Facts You Can’t Ignore About Load Bearing Walls
Removing load-bearing walls and removing non-load-bearing walls are two completely different tasks. The level of structural importance a load-bearing wall offers is way more than that of a non-load-bearing interior wall.
Removing a load-bearing wall is a very delicate task. It can lead to severe structural damage, therefore, removing a load-bearing wall should be done with the consent of a professional and qualified structural engineer. There are always facts you can’t afford to ignore regardless of the task. For removing load-bearing walls, below are facts you can’t ignore.
A Permit Is Required
Generally, every home remodeling requires a permit. Removing a load-bearing wall is no exception. However, if your load-bearing wall embeds your plumbing or electrical wires, you will require a separate permit for that
Notably, permits requirements and regulations differ for different locations. So, it is advisable that you contact your city’s building and planning department to ascertain what permits you should apply for.
This is one of the reasons for consulting the right structural engineering firm is crucial to successfully removing a load-bearing wall. An experienced structural engineer would know what permits you require in your city. A permit application may include the following, depending on your city;
- Architectural plans
- Structural plans
- Structural evaluations
Removed Walls Must Be Replaced In Some Way
Load-bearing walls bear the name “load bearing” for a reason. Therefore if you are removing a load-bearing wall, there has to be a replacement of some sort in place. Consider your windows and doors. Holes in the walls of your home would compromise its stability, however, replacing these portions with doors and window beams make up for its stability.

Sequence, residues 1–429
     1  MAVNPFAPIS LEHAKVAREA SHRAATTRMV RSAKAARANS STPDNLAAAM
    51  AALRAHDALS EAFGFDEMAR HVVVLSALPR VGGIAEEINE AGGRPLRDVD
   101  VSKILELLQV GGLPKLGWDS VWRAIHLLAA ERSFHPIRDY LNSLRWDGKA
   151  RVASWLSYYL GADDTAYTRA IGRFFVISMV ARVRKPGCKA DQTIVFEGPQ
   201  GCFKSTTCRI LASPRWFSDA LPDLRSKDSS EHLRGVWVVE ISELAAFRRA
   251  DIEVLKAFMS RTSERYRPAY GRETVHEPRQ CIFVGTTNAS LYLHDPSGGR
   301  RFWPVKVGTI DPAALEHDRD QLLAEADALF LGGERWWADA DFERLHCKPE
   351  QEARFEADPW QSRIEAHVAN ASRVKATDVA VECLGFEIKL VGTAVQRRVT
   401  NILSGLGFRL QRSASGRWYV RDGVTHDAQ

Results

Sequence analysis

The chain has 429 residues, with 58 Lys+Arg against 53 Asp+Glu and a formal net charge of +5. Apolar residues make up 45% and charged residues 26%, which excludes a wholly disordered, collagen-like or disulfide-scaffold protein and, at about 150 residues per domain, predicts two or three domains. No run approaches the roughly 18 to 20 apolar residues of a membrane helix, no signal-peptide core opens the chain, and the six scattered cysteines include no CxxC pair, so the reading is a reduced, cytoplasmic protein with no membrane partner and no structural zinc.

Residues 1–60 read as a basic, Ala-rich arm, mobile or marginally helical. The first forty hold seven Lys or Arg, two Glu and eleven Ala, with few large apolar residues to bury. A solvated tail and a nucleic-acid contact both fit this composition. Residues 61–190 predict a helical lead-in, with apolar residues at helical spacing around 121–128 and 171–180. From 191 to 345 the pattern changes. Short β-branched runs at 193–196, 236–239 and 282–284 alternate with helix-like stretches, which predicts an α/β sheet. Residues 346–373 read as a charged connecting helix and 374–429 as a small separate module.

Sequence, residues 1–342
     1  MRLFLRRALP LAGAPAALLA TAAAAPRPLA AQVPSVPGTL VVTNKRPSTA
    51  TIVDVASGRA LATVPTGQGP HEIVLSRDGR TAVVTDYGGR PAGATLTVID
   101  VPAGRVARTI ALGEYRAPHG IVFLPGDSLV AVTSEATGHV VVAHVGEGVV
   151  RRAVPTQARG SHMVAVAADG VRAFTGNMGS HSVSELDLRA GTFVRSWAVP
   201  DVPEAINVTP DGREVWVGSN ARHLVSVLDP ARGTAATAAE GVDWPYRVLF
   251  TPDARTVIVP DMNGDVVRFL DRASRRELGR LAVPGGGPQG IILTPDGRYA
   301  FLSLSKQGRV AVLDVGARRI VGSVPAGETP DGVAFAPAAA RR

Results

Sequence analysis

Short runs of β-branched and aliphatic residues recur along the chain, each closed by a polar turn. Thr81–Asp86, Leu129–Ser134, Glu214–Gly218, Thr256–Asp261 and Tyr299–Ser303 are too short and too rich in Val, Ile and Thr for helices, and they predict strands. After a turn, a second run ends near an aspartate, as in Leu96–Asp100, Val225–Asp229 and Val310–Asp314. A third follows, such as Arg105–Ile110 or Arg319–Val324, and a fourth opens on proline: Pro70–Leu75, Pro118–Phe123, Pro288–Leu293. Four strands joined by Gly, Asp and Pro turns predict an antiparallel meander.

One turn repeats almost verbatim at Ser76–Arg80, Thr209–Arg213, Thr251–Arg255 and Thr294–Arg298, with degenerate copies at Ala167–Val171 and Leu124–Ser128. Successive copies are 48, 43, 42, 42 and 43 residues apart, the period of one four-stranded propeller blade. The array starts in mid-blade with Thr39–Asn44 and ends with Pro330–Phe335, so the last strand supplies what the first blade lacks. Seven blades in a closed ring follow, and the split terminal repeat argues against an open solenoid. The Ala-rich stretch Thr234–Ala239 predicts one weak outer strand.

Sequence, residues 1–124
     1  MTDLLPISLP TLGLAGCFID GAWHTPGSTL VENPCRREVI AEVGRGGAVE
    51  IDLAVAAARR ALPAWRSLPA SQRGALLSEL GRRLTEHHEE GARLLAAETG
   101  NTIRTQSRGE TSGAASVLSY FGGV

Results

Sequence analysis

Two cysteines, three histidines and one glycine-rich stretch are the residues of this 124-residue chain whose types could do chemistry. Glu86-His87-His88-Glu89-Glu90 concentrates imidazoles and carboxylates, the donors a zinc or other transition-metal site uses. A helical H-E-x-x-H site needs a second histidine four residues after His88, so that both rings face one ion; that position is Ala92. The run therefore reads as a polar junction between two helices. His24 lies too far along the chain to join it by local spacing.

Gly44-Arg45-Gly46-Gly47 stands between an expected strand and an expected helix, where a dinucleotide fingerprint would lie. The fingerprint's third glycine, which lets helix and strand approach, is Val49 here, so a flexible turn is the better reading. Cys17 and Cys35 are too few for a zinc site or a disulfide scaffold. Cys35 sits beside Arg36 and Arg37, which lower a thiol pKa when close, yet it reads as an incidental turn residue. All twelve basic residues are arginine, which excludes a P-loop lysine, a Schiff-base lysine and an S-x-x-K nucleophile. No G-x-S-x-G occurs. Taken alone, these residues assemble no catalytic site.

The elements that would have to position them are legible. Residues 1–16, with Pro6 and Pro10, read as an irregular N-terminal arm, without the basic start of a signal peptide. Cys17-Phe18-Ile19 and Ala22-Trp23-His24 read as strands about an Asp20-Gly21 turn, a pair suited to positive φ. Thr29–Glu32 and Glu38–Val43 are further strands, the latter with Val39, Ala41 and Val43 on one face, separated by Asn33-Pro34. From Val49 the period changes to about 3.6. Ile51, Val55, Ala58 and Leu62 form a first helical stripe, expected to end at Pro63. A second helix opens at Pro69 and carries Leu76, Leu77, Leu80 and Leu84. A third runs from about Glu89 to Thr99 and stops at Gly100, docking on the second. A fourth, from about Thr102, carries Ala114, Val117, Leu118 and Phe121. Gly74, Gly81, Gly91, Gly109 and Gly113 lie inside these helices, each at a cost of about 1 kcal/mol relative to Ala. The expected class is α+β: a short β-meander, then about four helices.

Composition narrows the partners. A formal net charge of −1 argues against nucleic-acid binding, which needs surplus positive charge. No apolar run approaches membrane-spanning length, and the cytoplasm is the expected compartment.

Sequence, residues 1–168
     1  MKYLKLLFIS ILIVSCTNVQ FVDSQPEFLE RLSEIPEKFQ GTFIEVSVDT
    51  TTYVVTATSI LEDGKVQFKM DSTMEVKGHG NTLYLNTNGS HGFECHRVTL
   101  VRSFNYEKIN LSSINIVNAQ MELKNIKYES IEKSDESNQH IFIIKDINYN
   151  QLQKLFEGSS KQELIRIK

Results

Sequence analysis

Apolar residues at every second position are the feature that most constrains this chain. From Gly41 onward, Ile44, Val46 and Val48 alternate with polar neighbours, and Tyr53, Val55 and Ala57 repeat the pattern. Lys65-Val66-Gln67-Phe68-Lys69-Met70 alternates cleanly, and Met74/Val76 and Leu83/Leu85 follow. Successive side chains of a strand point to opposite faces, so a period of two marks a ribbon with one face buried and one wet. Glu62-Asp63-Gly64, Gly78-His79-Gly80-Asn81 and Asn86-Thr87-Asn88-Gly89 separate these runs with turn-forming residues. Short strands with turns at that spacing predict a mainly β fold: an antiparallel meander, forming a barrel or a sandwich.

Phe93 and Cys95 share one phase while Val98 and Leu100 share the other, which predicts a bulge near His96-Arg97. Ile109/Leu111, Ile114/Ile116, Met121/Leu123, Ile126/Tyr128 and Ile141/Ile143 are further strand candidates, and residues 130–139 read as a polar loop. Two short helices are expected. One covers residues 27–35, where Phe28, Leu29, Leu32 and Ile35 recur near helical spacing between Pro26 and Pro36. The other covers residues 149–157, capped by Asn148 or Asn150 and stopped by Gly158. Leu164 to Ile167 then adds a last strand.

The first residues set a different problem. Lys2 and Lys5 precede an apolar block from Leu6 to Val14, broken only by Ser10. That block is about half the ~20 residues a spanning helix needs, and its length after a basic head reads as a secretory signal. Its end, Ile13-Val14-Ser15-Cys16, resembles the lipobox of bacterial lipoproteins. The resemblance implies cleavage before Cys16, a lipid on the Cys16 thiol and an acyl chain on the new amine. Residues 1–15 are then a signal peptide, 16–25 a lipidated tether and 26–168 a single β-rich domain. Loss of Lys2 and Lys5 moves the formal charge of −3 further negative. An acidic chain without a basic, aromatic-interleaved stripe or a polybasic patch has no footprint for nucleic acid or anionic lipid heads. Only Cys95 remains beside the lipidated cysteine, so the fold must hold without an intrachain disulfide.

The same is the case for a load-bearing wall, albeit, on a larger scale. You must replace a load-bearing wall. Below are load bearing replacement options.
- Beam only: in case the removal wall is only for vertical load and there are sufficient piers at the end of the beam
- Beam and post (goal post): in case the removal wall is only for vertical load or small lateral load
- Box frame: in case that the removal wall is for the vertical and lateral load (say shear wall). Box frame should be able to provide the same lateral resistance for this part of the building
The Beam Will Be Below the Ceiling
The beam replacing the load-bearing wall bears the load of the floor structure above. Therefore, more often than not, the beams are not as high as the ceiling. In order for the beam to flush with the ceiling, the beam must be in the plane of the floor above, this is achieved by cutting back the joist of the floor, then with a metal joist hanger, and from the sides of the beam, hang the ends of the joists.
Clearly, this is more tedious than a simple beam replacement below the ceiling. In any case, consulting the right structural engineering firm is imperative.
Intermediate Posts Might Make the Project Cleaner
Using a beam and post replacement can eliminate the open floor plan look. However, adding an intermediate vertical post will no doubt, ensure greater beam strength. Asides from beam strength, intermediate posts would allow the usage of smaller beams, hence, eliminating the problem of protruding beams.
You Must Use Temporary Supports
This is a common practice in most structural remodeling. You can’t ignore temporary supports when engaging to remove a load-bearing wall. Removing a load-bearing wall’s framing without assembling temporary support could be very dangerous. Therefore, building temporary supports on both sides of the wall is imperative.
Note that the load-bearing wall is bearing the load of the floor joist above, and the ends of the floor may be resting directly on the wall. Hence the need for temporary support on both sides.
With No Beam, Your House Will Fall Down Slowly, Not Right Away
In most cases, when the walls of a structure are removed, the structure still remains standing. For instance, in the event of an earthquake, you may find structures with their external walls ripped off but still standing. This is because of redundancy.
Most structures are built with high reliability by considering redundancy. The functions of elements like external walls and load-bearing walls are duplicated in other elements like flooring, subflooring, underlayment, joist, rafters, etc. These elements act like displaced elements to keep the structure standing.
However, redundancy alone, can’t keep a structure intact for long. Gravity will continuously act on the structure causing it to fail. The same applies to the load-bearing walls, without beam replacement, your structure might appear to still be intact, however, after a while, it will fail and collapse.